Published: August 31, 2021
Review by Greg Smith, Photos Courtesy Hess Fine Auctions
ST PETERSBURG, FLA.- Outside of a coffee table by contemporary designer Ado Chale, Hess Fine Auctions’ August 21 sale brought the bling. It was rings, watches – even conceptual renderings of watches – that rounded out the sale’s top lots. Examples from Patek Philippe performed the strongest, with others from Rolex, Omega, Cartier and a fine selection of Hamilton Electrics taking other notable results.
Belgian contemporary designer Ado Chale’s “Goutte d’eau” or “water drop” aluminum and blackened steel leg coffee table sold for $30,600 to lead the sale. The top features a motif of concentric circles, emulating the ripple effect of a drop in water. It came to sale from a Florida waterfront estate of a Belgian businessman who was retiring to the south of France. From the same estate was a set of four black wood and leather chairs, which sold considerably more modestly at $500.
The sale’s top watch was a Patek in platinum with diamonds on the dial. The ref 2429 dial watch had a 33mm case width and sold for $21,875. In 18K gold including the band was a 3733 man’s watch that brought $5,880. Behind at $3,720 was a Patek man’s watch with an 18K gold bezel outside of a blue dial. The watch was made circa 1970 with an aftermarket crocodile strap.
Two collections of Hamilton Electric watches combined for 39 lots. Auctioneer Jeffrey Hess first wrote about Hamilton Electric designer Richard Arbib in a piece published in Ed Faber’s book, American Wristwatches: Five Decades of Style and Design.
“Everyone was all aflutter those days in the 1980s, saying who designed this or that,” said Hess. “I called up every former Hamilton employee that I could trying to find the designer of these watches, no one knew. Finally a retired employee said, ‘That’s Richard Arbib, he’s still alive and lives in New York.'”
Hess went to meet with Arbib, who by this point was in his 70s and living in a rent-controlled apartment in Manhattan.
“He was a nice guy. His apartment was stuffed to the ceiling with renderings from his entire career, from vacuum cleaners to cars, but as a watch guy back then, a young man in my thirties, I was only interested in watches and bought from only the watch stuff.”
Arbib was responsible for many forward-looking designs, applying a sense of futurism to a number of car models from Packard to the AMC Hudson line. His watches were no different, applying an asymmetrical modernist approach that has created lasting secondary market collectability.
“All he wanted to talk about was the future of dirigibles in America,” Hess remembered. “He thought they were going to come back and become a prime source of transportation.”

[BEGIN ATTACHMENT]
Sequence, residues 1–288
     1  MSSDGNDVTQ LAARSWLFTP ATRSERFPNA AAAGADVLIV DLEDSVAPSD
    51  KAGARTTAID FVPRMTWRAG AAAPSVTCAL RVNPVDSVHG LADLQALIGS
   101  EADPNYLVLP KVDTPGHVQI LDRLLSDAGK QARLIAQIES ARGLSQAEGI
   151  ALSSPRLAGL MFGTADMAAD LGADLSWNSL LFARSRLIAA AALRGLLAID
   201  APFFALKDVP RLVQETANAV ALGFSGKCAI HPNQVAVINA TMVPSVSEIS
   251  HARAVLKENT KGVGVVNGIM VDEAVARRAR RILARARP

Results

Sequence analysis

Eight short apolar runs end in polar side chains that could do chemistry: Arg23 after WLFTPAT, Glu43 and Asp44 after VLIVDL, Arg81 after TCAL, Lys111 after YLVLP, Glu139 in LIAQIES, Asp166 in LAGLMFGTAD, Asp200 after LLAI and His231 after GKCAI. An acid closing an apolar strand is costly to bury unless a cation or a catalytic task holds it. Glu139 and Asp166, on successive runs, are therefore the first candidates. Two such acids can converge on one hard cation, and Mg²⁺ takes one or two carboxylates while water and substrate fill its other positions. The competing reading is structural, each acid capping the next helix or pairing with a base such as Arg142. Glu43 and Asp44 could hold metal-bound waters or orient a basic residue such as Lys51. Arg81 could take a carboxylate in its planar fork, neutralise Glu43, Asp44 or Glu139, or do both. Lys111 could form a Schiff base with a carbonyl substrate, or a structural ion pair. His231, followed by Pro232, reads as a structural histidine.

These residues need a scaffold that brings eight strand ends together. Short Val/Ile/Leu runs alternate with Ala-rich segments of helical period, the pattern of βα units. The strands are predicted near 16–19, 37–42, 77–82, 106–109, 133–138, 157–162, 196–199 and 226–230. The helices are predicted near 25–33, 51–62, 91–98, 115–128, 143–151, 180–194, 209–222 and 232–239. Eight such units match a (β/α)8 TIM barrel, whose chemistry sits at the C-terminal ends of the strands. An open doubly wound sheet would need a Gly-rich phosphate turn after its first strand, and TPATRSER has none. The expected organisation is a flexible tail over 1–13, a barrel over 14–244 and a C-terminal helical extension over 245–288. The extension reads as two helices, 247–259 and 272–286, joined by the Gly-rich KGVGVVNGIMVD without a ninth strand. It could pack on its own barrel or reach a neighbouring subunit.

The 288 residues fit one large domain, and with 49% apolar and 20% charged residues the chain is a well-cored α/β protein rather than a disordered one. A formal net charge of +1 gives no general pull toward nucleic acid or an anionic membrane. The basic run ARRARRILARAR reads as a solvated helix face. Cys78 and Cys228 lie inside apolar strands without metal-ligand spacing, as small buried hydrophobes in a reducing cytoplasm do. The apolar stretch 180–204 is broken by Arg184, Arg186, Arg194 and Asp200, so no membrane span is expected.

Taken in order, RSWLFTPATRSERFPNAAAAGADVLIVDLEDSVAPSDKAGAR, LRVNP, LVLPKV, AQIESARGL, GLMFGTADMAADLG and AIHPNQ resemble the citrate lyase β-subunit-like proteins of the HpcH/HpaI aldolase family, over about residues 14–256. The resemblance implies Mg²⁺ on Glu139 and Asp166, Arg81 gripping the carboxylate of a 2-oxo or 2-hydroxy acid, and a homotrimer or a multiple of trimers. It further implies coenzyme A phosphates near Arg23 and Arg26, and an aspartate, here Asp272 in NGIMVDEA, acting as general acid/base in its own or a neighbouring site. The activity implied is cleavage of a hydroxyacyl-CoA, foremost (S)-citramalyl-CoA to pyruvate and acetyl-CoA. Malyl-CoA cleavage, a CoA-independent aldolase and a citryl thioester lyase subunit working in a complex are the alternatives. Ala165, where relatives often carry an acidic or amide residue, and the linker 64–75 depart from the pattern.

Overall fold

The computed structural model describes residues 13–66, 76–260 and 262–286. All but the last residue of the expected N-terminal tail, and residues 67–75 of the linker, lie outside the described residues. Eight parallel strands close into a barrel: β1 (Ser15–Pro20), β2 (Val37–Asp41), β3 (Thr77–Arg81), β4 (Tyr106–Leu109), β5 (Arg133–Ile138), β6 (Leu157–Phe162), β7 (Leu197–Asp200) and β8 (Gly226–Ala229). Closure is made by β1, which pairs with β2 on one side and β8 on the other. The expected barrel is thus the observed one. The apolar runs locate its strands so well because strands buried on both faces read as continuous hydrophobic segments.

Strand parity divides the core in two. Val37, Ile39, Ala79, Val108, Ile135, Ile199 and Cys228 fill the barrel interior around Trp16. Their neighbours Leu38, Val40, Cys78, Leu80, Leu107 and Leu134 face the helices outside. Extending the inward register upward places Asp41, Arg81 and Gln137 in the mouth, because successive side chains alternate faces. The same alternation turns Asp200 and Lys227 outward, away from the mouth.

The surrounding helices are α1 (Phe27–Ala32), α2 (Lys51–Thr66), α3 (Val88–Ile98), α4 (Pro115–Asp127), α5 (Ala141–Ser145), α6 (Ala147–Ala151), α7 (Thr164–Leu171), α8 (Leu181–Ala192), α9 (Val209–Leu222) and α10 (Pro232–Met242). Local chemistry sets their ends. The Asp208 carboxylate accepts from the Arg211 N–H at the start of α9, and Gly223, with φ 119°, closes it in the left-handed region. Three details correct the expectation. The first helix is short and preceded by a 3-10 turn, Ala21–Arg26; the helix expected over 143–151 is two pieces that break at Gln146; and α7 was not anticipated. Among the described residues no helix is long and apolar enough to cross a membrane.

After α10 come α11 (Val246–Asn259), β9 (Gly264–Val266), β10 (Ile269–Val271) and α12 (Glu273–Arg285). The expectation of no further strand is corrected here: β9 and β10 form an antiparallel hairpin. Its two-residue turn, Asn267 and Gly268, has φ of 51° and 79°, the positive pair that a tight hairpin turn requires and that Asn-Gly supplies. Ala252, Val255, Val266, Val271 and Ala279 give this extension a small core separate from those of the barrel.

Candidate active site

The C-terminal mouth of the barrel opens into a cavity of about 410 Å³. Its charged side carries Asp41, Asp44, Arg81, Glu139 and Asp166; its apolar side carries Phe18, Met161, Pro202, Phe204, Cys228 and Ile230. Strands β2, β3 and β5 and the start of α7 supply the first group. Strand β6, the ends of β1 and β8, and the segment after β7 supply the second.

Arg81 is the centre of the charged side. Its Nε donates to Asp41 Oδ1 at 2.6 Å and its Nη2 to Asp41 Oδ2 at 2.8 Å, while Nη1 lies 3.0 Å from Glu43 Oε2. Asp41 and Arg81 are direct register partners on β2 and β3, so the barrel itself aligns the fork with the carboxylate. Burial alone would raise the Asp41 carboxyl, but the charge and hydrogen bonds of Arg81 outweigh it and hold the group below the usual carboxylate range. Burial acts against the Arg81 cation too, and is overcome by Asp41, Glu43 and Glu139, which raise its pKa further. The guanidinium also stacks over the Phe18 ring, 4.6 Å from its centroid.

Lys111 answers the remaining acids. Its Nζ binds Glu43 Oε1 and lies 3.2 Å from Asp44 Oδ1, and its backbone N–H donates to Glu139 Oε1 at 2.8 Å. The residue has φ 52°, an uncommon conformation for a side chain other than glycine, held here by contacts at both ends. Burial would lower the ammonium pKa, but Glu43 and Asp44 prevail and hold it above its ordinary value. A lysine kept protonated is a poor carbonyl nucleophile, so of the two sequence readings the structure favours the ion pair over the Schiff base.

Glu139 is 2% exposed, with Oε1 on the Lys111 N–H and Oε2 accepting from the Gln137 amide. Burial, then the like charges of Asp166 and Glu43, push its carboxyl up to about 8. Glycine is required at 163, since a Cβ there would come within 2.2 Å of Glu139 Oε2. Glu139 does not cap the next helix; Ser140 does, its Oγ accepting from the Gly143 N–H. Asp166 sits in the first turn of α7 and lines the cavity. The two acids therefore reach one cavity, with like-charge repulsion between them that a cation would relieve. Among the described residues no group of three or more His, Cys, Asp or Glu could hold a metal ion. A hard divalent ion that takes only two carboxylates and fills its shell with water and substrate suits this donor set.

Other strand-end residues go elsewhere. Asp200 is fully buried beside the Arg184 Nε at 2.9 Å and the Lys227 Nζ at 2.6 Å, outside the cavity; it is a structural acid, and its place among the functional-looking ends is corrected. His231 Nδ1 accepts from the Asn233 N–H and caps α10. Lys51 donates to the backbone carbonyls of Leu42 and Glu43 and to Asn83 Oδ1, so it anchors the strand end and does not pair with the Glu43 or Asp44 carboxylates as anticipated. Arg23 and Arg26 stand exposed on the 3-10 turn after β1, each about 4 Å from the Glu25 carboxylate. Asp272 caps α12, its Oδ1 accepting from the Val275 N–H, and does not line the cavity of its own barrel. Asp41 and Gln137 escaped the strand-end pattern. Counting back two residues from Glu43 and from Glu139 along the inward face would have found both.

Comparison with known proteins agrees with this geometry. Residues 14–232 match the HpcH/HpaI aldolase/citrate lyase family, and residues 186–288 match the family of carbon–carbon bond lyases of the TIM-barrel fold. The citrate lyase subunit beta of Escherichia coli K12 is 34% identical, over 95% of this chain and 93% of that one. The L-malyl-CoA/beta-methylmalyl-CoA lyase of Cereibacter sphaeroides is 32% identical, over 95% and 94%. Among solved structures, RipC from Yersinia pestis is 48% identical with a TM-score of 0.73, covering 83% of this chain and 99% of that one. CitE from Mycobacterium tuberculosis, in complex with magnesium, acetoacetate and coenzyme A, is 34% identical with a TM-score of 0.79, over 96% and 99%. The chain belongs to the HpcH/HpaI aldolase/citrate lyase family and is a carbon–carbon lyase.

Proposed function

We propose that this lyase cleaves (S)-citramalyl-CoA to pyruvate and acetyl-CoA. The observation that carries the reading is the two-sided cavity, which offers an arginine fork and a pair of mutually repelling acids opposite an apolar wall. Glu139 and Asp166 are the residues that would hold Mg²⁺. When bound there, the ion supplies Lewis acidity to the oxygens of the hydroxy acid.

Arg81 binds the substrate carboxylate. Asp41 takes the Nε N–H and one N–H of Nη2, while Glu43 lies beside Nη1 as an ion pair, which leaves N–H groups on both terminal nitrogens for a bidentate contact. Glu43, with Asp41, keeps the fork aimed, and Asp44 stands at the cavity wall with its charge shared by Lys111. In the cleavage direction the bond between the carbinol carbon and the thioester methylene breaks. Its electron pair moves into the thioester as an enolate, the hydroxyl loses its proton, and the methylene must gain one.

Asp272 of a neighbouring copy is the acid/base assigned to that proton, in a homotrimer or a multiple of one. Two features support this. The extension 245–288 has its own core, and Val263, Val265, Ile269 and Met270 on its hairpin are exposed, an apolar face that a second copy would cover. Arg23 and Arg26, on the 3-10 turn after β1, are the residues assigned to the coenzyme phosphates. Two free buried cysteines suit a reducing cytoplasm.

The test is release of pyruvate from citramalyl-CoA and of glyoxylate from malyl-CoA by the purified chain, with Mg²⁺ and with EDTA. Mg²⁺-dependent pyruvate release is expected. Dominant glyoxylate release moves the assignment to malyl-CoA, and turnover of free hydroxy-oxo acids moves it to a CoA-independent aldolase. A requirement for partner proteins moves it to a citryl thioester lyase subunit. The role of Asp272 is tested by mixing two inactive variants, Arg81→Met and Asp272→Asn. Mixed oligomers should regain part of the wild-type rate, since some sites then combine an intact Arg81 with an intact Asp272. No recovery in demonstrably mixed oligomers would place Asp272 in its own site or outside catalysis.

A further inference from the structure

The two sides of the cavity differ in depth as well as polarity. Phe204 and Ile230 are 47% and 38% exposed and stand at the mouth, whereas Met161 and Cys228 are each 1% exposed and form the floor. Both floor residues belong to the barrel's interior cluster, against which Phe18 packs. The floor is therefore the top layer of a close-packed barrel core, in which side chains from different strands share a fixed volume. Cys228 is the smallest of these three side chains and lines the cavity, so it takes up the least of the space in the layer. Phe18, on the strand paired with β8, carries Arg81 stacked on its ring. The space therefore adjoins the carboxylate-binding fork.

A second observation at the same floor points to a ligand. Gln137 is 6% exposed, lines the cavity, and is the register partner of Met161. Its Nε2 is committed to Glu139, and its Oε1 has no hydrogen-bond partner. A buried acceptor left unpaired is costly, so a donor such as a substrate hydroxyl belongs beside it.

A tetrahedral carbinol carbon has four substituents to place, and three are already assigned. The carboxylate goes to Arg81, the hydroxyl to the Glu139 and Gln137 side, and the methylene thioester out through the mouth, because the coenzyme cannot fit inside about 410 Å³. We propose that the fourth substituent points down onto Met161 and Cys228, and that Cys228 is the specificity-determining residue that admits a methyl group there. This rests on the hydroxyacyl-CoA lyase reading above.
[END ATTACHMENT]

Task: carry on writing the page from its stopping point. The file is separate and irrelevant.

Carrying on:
Hess procured a number of Arbib’s renderings and offered them in the sale.
A group of five paintings dated 1959 sold for $12,188. Each painting featured a different Hamilton Electric watch including the Everest, Spectra, Altair, Ventura and Vega models. Top among the Hamilton watches was the Ventura model in 14K gold with original box, papers, tags and band that sold for $5,160.
It featured a dual-toned band, something Hess said Arbib envisioned.
“He pushed the envelope so much that Hamilton squashed a lot of his designs because they were impossible to make,” Hess said. “He also wanted the bands of the watches to be integrated in some kind of color schematic, which was only done on the Ventura. Hamilton told him it was too expensive.”
Another Ventura in 14K white gold brought $4,560, while a gold-filled Altair with original mesh bracelet sold for $2,875.
Among Rolexes was a Tudor wristwatch featuring an image of a map of Saudi Arabia across the dial with Arabic text. Auctioneer Jeffrey Hess said it came from the descendant of a Saudi oil executive. It sold for $6,563.
Robert Indiana produced a series of 100 “LOVE” rings in solid 18K gold in 1966. An example numbered 34 that weighed in at 24.2 dwt would sell for $21,250. It came from a Manhattan collection. Other modernist rings would sell well, including two Cartier rings designed by Jean Dinh Van. The square-shaped bands were a signature of the designer and both were of the form. One 18K example with a gold sphere rising from the band sold for $3,360, while one with a central peridot brought $3,120.
Hess said he still has more Hamilton watches and Arbib renderings. Stay tuned.
All prices reported include buyer’s premium. For more information, www.hessfineart.com or 727-896-0622.
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